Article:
H. Berlioz distinguishes in 1844 between ``le Concertina Anglais''
and ``le Concertina Allemand'' but dedicates a detailed description only to
the first since the keyboard of the German instruments depended upon the
caprice of the builder. The confusion persisted also in Germany but was
finished at the end of the
1850's when the term Bandonion was introduced in the region of
Krefeld, Mainz and Cologne while in Bavaria the
term Concertina dominated..
The instruments from Saxony and Thüringen were continued to
be chromatic harmonikas
while sold to English and French spoken
countries as concertinas and to the Rhineland as
bandoneons (but with a distinct layout of the keyboard).
After 1860 an additional Konzertina
keyboard system was introduced in Munich perhaps by F. Stahl first with
30 buttons, later with up to 60 buttons but which were close to the
system of Band.
May be this system was the basis for the later
of Strobl with 132, 136 and 180 voices.
In Leipzig a magazine for bandonion music established in 1895 was renamed
after a year
to Allgemeine Concertina- und Bandonion-Zeitung demonstrating the
similarities among both instrument types. On the other hand, in 1895
there existed about
18 bandonion clubs in Leipzig and no one concertina club while using
their players instruments of Wünsch, successor of Uhlig
the inventor of
the German Concertina. This shows that concertinas were called
bandonions there. Wünsch himself describes in 1890: ``This instrument
(bandonion) is becoming more and more known so that all instruments with 88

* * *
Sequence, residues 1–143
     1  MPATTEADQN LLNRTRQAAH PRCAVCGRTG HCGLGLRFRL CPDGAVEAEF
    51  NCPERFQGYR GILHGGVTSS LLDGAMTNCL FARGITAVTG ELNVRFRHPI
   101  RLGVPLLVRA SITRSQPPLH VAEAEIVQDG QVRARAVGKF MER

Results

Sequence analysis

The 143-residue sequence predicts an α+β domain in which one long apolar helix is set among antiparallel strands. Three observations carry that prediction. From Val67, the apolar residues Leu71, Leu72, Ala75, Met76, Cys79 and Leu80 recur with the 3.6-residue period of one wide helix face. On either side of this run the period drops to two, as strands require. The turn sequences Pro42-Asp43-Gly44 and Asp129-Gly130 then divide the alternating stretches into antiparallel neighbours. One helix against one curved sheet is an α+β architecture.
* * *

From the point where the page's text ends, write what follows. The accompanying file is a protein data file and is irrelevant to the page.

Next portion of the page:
to 260 voices are now called bandoneons.''
(The number has to be divided by two
since instruments with double chorus are meant). In the beginning of
our century a distinction between the rheinisch on one side and
and Karlsfelder on the other is established.
The fast propagation of the bandoneon was based on a clever marketing.
Besides the distribution of the instruments labeled BANDONION in
big letters forming the good visible valve plaque on front
of the instrument,
Heinrich Band formed a merchant chain with members of his family giving
lessons and distributing a huge number of scores and sheet music for his
instrument and chamber music.
So in 1859 his brother Johann established a shop in Cologne. Other
existed in Mainz, Krefeld, Glasgow? and New York.
In the time from 1868 to 1881 there existed a special section for
in Hofmeister's Manual of sheet music with separate divisions for
harmonica, accordion and konzertina. Because all the instruments were
manufactured in Saxony, the factories there expanded simultaneously.
They tried to copy Band's strategy and designed valve plaques saying
CONCERTINA for the instruments they sold directly and
until the end of the
century the old term harmonika disappeared. Finally in the 20's
the outer design of both instrument became the same. The polygonal shaped
instruments were only the smaller 1 or 2-row ones with a
limited number of voices. In many parts of Germany the term
was displaced gradually by the newer Bandonion
and both terms were used
undistinguishable up to the point when the saxonians returned to their own
roots and forced their own keyboard system. When in the 20's
the discussion about a unified system raised, there was no chance to
bring both parties together and in 1924 a
Many attempts were made for unisonoric instruments. Charles Péguri from Paris replaced the reed plates of 142 voice rhineisch bandoneons (an Argentine extension of the 130 voice version) with unisonoric ones unprecisely called chromatic bandoneon. This fact simplified the manufacture of instruments suitable for musette players. The construction of the Kusserow bandoneon with a different button layout was not as popular.